5

I'm looking for input on how to design a highscore table for a game I'm creating.

The database I'm using is postgres. That's not really something I can or want to change (unless there's very good reason for it).

                                                          version
-----------------------------------------------------------------------------------------------------------------------------------
 PostgreSQL 9.3.4 on x86_64-apple-darwin13.1.0, compiled by Apple LLVM version 5.1 (clang-503.0.38) (based on LLVM 3.4svn), 64-bit

My goal is to allow for up to 10 000 000 rows. I'm not sure if this is realistic.

In my initial attempt, the table is on the simplest of forms (note keys on alias and score).

 Column  |          Type          |                        Modifiers
---------+------------------------+---------------------------------------------------------
id       | integer                | not null default nextval('highscores_id_seq'::regclass)
traceid  | integer                |
alias    | character varying(256) |
score    | integer                |
rows     | integer                |
level    | integer                |
duration | integer                |
Indexes:
    "highscores_pkey" PRIMARY KEY, btree (id)
    "highscores_alias_idx" btree (alias)
    "highscores_score_idx" btree (score)

Most interesting columns for my problem are alias and score (I included them all on the off chance that they have some impact I'm unaware of).

Queries

Specifically I need to perform two queries. One which selects highscores, sorted by score with OFFSET and LIMIT (at most 1000 rows per query). I've written this:

SELECT *, RANK() over(ORDER BY score DESC) AS rank FROM highscores OFFSET 0 LIMIT 100

This works well for the topmost results (which are by far most common) and decreases in performance the larger I make OFFSET. Not ideal, but acceptable (I'm guessing caches are at play).

The second query is more complicated; Given an alias (e.g. a name of a user), it should give the highscores achieved by that user, and also each highscore's position in the global table (ordered by score).

I wrote this:

SELECT * FROM
  (SELECT *, RANK() OVER (ORDER BY score DESC) AS rank FROM highscores) AS tbl
WHERE alias = 'somealias'

It gives the correct result (e.g. rank is set to the global position in the table). It is horribly slow however. It takes up to 30 seconds, which is really not acceptable.

Explaining (ANALYZE, BUFFERS) these queries give the following (respectively)

link do depesz:

Limit  (cost=0.42..303.61 rows=100 width=35) (actual time=0.029..0.490 rows=100 loops=1)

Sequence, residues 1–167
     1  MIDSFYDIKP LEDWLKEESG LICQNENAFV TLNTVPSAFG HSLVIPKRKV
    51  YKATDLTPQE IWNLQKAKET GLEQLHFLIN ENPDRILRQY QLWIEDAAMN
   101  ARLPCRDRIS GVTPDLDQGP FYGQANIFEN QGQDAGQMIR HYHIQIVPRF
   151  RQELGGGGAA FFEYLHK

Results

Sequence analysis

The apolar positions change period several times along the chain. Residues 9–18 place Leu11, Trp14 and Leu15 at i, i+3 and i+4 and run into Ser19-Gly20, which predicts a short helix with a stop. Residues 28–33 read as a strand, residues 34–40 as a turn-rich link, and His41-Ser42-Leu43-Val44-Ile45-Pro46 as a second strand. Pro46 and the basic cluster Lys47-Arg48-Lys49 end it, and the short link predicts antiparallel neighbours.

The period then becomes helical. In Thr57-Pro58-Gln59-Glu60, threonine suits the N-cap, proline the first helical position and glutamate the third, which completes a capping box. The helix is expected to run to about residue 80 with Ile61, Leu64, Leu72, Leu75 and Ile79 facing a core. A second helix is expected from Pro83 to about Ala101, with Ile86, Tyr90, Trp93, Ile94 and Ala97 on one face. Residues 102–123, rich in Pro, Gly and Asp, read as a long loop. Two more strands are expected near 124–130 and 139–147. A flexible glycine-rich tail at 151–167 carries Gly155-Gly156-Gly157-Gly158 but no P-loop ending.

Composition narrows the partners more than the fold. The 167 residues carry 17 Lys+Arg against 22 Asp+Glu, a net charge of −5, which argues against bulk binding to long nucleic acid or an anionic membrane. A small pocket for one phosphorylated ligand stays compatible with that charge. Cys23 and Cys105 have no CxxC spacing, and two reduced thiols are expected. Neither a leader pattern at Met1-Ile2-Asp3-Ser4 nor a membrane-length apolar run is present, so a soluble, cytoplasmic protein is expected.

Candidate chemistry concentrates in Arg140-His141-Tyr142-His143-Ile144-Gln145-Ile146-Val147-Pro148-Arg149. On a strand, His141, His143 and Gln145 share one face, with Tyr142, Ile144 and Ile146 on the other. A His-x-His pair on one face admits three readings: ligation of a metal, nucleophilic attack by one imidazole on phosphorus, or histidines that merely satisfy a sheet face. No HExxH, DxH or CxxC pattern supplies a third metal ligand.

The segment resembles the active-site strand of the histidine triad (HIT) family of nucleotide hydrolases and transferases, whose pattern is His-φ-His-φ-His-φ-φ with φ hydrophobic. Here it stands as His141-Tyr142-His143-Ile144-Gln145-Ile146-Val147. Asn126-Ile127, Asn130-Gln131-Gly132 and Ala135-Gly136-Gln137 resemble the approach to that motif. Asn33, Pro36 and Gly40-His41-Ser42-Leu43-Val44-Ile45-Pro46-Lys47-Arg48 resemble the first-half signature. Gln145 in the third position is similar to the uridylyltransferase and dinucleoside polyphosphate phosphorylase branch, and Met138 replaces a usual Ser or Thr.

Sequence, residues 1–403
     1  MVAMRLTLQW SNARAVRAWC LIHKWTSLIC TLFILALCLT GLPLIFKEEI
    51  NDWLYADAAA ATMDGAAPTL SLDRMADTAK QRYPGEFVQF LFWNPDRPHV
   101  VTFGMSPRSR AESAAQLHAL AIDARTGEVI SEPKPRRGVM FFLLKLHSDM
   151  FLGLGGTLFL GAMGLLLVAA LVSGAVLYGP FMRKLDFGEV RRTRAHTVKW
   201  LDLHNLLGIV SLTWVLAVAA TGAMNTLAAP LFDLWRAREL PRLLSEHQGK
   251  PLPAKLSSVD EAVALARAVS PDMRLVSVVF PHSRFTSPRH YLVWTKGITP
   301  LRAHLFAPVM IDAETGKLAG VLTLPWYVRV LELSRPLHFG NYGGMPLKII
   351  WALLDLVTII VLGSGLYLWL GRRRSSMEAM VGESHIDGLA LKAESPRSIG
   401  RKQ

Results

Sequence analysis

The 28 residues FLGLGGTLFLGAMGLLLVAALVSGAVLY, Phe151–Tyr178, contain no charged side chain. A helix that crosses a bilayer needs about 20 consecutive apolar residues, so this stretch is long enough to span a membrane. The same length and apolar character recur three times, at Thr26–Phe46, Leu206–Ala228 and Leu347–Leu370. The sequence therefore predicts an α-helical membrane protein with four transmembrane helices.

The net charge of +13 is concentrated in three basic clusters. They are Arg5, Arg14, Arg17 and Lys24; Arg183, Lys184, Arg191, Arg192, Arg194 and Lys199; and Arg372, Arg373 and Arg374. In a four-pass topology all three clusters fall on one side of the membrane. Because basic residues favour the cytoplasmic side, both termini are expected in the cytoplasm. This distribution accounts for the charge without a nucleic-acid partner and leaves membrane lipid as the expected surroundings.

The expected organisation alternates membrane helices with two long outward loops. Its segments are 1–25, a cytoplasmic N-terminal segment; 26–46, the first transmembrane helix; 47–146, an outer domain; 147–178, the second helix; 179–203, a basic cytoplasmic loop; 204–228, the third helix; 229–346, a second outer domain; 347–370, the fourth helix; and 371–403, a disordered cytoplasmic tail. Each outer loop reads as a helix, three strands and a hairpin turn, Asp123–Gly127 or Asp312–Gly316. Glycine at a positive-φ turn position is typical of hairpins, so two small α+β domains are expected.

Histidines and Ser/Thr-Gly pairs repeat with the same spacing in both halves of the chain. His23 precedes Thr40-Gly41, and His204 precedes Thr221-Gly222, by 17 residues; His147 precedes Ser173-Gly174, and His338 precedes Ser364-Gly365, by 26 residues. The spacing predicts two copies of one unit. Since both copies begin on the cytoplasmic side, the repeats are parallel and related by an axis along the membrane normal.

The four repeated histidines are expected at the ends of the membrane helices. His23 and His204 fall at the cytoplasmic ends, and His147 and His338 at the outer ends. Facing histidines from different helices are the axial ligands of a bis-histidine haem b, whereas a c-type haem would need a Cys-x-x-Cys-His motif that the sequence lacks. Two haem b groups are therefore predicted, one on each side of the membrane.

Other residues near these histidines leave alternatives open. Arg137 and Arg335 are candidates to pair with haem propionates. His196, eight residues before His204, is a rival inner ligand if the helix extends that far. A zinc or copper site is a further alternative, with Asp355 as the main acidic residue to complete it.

Buffers: shared hit=110
  ->  WindowAgg  (cost=0.42..606388.37 rows=200002 width=35) (actual time=0.028..0.469 rows=100 loops=1)
        Buffers: shared hit=110
        ->  Index Scan Backward using highscores_score_idx on highscores  (cost=0.42..603388.34 rows=200002 width=35) (actual time=0.015..0.264 rows=100 loops=1)
              Buffers: shared hit=110

and

link to depesz

Subquery Scan on tbl  (cost=67440.85..73440.91 rows=1 width=43) (actual time=960.290..960.290 rows=0 loops=1)
    Filter: ((tbl.alias)::text = 'somealias'::text)
    Rows Removed by Filter: 200002
    Buffers: shared hit=3102 read=33788, temp read=1829 written=1829
    ->  WindowAgg  (cost=67440.85..70940.89 rows=200002 width=35) (actual time=560.130..920.911 rows=200002 loops=1)
          Buffers: shared hit=3102 read=33788, temp read=1829 written=1829
          ->  Sort  (cost=67440.85..67940.86 rows=200002 width=35) (actual time=560.117..652.521 rows=200002 loops=1)
                Sort Key: highscores.score
                Sort Method: external merge  Disk: 8208kB
                Buffers: shared hit=3102 read=33788, temp read=1829 written=1829
                ->  Seq Scan on highscores  (cost=0.00..38890.02 rows=200002 width=35) (actual time=111.099..215.351 rows=200002 loops=1)
                    Buffers: shared hit=3102 read=33788width=35)

(from a table with 200 000 randomly generated entries).

Help

I'm not sure if my table design is optimal. I can change it if it would help with performance in any way. I'm guessing queries could be written differently as well to improve performance. I can't see how though. Any pointers would be greatly appreciated!

  • How often does the table change? You could persist the rank through an update statement that is run at regular intervals. But that is probably only feasible if you don't have a constant stream of inserts – a_horse_with_no_name Jan 17 '15 at 21:33
  • Several inserts per minute is to be expected. – Alexander Olsson Jan 17 '15 at 21:37
  • 1
    You'd probably want to show the query plans. – mustaccio Jan 18 '15 at 3:17
  • 2
  • I've looked through the link from Craig and edited in more information. Thanks for the tip. – Alexander Olsson Jan 18 '15 at 10:34
2

Assuming that you are prepared to compromise on the absolute correctness of the answer in order to obtain practical performance, you could do the following:

  • Create an index on score (assuming descending, but either way is workable)
  • Create a maintenance job to rebuild this index periodically (how often depends on your willingness to have your rank results be out of date)

I take it that you are OK with these assumptions, since you have noted an index on score in your question.

Then your user's global ranking for their scores would be something like this:

select 
  S.*
, count (R.id from highscores R
         where R.score > S.score) as rank
from highscores S
where S.alias = 'somealias'

Using correlated subqueries is not a recipe for blinding speed, but the advantage of this is that you don't have to rank everything, you just have to count entries in an index relative to a user's particular scores. Of course, only your query optimizer will know for sure.

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